Guest house: A second unit on a property that is less than 500 square feet and generally does not have kitchen facilities. Honolulu, Kaua‘i and Hawai‘i counties regulate them. Kaua‘i is the only county that allows kitchens in its guest houses.


In Demand

Daryl Takamiya, 2022 president of the Building Industry Association of Hawaii says the local building industry has seen a lot of interest in ADUs among homeowners. DR Horton offers ADUs for some of its Ho‘opili homes, and some builders now include ADU designs and services in their standard offerings.

HK Construction offers three ADU packages between 700 and 799 square feet. VP Alan Twu says the designs, which are often modified to fit homeowners’ lots and requirements, have helped clients see what’s possible.

Homeworks Construction’s Hickox says a large part of his business before 2015 focused on multifamily homes, in which two families share a central kitchen but have their own living rooms and bedrooms. The ADU law met the high demand for that combination of independent but close-by living, he says.

And he points to a trend he noticed early on: Homeowners would often move into their newly built ADU and rent out the main house.

“That happened enough times that I started to notice that OK, A, we must be doing a good job that they like the ADU, it looks great, and, B, hey, that kind of makes sense,” he says. “That’s kind of the opposite situation where it just shows how diverse and how helpful this law that came into effect is. … The ultimate goal is creating more affordable homes, more affordable rentals across the island.”

In a March 2022 survey of Honolulu Board of Realtors members, 89% of respondents said ADUs are at least somewhat important to buyers and 92% said an existing ADU raises a property’s value. However, 3% said an ADU lowers property value because it negatively impacts street parking, creates permitting or building code issues, or goes unused.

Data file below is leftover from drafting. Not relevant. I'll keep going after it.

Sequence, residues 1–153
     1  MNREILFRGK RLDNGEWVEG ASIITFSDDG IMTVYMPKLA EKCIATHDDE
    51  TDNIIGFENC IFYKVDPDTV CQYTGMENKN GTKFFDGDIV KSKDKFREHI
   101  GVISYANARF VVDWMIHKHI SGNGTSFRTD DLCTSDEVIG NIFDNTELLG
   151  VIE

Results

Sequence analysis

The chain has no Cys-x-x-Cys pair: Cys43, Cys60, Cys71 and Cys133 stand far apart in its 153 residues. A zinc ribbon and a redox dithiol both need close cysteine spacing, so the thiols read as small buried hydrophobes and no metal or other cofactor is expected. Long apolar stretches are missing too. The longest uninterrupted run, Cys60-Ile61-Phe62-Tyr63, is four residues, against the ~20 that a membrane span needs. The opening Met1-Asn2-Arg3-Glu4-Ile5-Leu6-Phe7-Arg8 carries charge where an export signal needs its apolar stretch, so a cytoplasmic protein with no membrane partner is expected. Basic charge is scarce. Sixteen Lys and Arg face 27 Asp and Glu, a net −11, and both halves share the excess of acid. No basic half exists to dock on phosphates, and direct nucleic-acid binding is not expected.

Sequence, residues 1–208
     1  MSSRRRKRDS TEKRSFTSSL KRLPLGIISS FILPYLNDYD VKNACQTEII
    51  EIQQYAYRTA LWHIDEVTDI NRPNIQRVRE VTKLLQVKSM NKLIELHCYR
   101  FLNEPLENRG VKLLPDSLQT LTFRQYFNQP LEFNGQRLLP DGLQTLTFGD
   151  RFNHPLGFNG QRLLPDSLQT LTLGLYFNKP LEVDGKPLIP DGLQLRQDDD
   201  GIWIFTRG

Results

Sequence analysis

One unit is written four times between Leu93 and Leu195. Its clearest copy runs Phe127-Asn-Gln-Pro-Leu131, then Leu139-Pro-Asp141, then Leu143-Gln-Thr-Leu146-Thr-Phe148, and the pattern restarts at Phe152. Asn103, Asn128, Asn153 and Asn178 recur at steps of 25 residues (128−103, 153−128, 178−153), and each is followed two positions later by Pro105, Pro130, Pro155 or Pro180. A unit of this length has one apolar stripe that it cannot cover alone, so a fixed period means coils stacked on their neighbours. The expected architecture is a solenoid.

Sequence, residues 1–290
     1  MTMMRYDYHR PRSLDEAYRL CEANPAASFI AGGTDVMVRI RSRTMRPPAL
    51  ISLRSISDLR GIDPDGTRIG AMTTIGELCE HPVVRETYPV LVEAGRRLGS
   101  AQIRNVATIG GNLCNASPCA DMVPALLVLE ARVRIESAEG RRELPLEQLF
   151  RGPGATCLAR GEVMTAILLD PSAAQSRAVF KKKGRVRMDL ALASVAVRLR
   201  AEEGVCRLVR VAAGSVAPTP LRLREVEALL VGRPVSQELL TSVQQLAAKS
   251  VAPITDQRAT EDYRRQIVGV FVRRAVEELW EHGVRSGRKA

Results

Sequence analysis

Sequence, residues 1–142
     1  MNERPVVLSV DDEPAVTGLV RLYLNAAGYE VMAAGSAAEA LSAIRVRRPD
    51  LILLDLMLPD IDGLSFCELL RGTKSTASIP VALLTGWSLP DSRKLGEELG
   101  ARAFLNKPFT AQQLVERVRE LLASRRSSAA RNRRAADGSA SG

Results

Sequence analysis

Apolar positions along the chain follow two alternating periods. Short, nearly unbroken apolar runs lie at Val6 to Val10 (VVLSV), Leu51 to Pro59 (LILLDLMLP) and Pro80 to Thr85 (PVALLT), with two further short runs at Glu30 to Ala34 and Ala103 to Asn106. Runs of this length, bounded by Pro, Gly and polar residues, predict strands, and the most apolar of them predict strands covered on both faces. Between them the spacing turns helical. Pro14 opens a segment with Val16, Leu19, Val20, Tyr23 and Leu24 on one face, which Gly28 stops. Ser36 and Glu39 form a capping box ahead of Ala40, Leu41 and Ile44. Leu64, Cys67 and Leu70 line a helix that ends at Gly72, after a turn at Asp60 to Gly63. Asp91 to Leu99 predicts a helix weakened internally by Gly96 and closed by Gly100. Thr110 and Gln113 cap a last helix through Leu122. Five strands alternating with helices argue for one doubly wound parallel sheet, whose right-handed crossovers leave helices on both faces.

“Families are doing it just because they want their kids to be able to stay home in Hawai‘i and not leave the island, so it can be positive,” says Chad Takesue, 2022 president of the Honolulu Board of Realtors and a partner with Locations Hawaii. “It just has to be managed well because, as you said, there are other impacts when you add density to any neighborhood.”

Keone Ball, 2022 president of the Realtors Association of Maui, says properties with ADUs are probably the most desirable real estate as the Valley Isle struggles with high prices and a lack of housing. According to the Maui association’s data, 181 properties with ADUs sold in 2020 – about 17% of single-family home sales. In 2021, the number increased to 296 properties with ADUs – about 21% of single-family home sales.

“It allows our local property owners to be part of the housing solutions that Maui needs and provides economic benefit to our local property owners who really carry a significant tax burden in Maui County,” says Jason Economou, the association’s government affairs director.

 

Building Challenges

The push to add ADUs across the state has been met with challenges, and some of the county officials and builders Hawaii Business spoke with acknowledge that more could be done to increase production.

When the 2015 Honolulu law was being discussed, it was estimated that 20,000 ADUs could eventually be built. As of today, 1,322 ADU permits have been issued but only 852 have been built.

“There’s a reason people aren’t building,” says Honolulu planning and permitting director Dean Uchida. Many single-family homes in urban Honolulu were built years ago when old building codes were in place. Those properties and their neighborhoods aren’t up to today’s standards to have an ADU.